XOXO Festival is an arts and technology conference that has been held twice in Portland, Oregon. It has described itself as celebrating creativity and innovation in forms it considered alternative or disruptive to the prevailing social or professional context ("democratizing media and innovation"). The conference was founded in 2012 by Andy Baio and Andy McMillan with funding from prepaid tickets and other contributions via Kickstarter, and it was described by the New York Times as an "experimental" conference.
The inaugural event was held in Portland's YU Contemporary Arts Center in September 2012 with approximately 400 participants. The first day of the conference focused on talks from independent creators from fields such as film, comics, music, art and illustration, video games, hardware design and product design, while the second centred on technology, and those building tools to facilitate and encourage independent creativity through the web.
Associated events included live music, film screenings, an arcade of independently produced videogames, a pub crawl, a market, and food trucks.
XOXO returned to the YU Contemporary in September 2013 with speakers, workshops, films, music shows, game events, and a market. Baio described it as being "about artists and hackers and makers that are using the internet to make a living doing what they love independently without sacrificing creative or financial control". Portland Monthly compared the event to the larger South by Southwest festival, quoting Matthew Haughey saying SXSW speakers are "in the business of selling technologies" and XOXO is speakers are "creating things". To handle increased interest while remaining small (500 conference tickets and 200 "fringe event" tickets), it had an application process with questions intended to filter out people who wanted to market to attendees.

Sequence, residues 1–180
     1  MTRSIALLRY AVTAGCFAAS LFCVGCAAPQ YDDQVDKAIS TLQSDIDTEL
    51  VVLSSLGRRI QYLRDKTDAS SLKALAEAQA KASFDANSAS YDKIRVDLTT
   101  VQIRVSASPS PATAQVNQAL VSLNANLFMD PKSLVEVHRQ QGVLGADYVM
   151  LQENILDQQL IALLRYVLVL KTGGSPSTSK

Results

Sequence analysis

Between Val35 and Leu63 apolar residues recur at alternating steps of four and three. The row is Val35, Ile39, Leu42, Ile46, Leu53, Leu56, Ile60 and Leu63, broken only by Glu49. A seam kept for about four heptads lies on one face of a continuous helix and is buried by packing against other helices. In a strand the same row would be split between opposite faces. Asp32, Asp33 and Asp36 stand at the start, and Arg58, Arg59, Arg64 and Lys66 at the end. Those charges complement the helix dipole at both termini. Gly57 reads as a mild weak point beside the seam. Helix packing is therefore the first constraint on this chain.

An attendee, Glenn Fleishman, described the conference as having a very friendly social environment and inspiring people to change their jobs, and he noted essays by other attendees about the need for critique and not just friendliness, a lack of gender balance similar to the technology industry in general, and a harassment incident that was handled effectively. Another attendee also discussed her enjoyment of the people at the conference, and she noted the challenge of running a conference about independent creators that is inaccessible for some independent creators due to ticket and travel cost.
- Wortham, Jenna (September 14, 2012). "XOXO Fest, An Experimental Tech Conference, Gets Underway". New York Times Bits Blog. Retrieved December 24, 2012.
- Tate, Ryan (September 18, 2012). "At XOXO, a Counterculture Kickstarts Itself". Wired. Retrieved December 30, 2012.
- Wortham, Jenna (May 25, 2012). "XOXO aims to be an alternative to South by Southwest". New York Times Bits Blog. Retrieved December 30, 2012.
- Walker, Alissa (June 18, 2012). "Conferences Get Creative: An Art and Tech Festival Wins Over Kickstarter". Wired. Retrieved December 30, 2012.
- Gantz, Ryan (September 19, 2012). "The Dream of the Internet is Alive in Portland: Inside the XOXO Festival". The Verge. Retrieved December 30, 2012.
- Wortham, Jenna; Gallagher, David F. (September 18, 2012). "XOXO: A Festival of Indie Internet Creativity". New York Times Bits Blog. Retrieved December 30, 2012.
- Larsen, Luke (September 20, 2013). "Technology, creativity cross at XOXO". The Oregonian. Retrieved November 10, 2013.
- Edidin, Rachel (September 20, 2013). "The Record-Breaking XOXO Festival Returns to Cross-Pollinate Art and Tech". Wired. Retrieved November 10, 2013.
- Patall, Marty (September 3, 2013). "How the XOXO Festival Charms Cutting-Edge Thinkers". Portland Monthly. Retrieved November 10, 2013.
- Fleishman, Glenn (September 30, 2013). "In a Time of Hugs and Kisses: XOXO 2013". BoingBoing. Retrieved November 10, 2013.
- Edidin, Rachel (September 30, 2013). "XOXO and the High Costs of Not Selling Out". Wired. Retrieved November 10, 2013.
- Patall, Marty (September 20, 2013). "XOXO 2013: Why This Fest is Different". Portland Monthly. Retrieved November 10, 2013.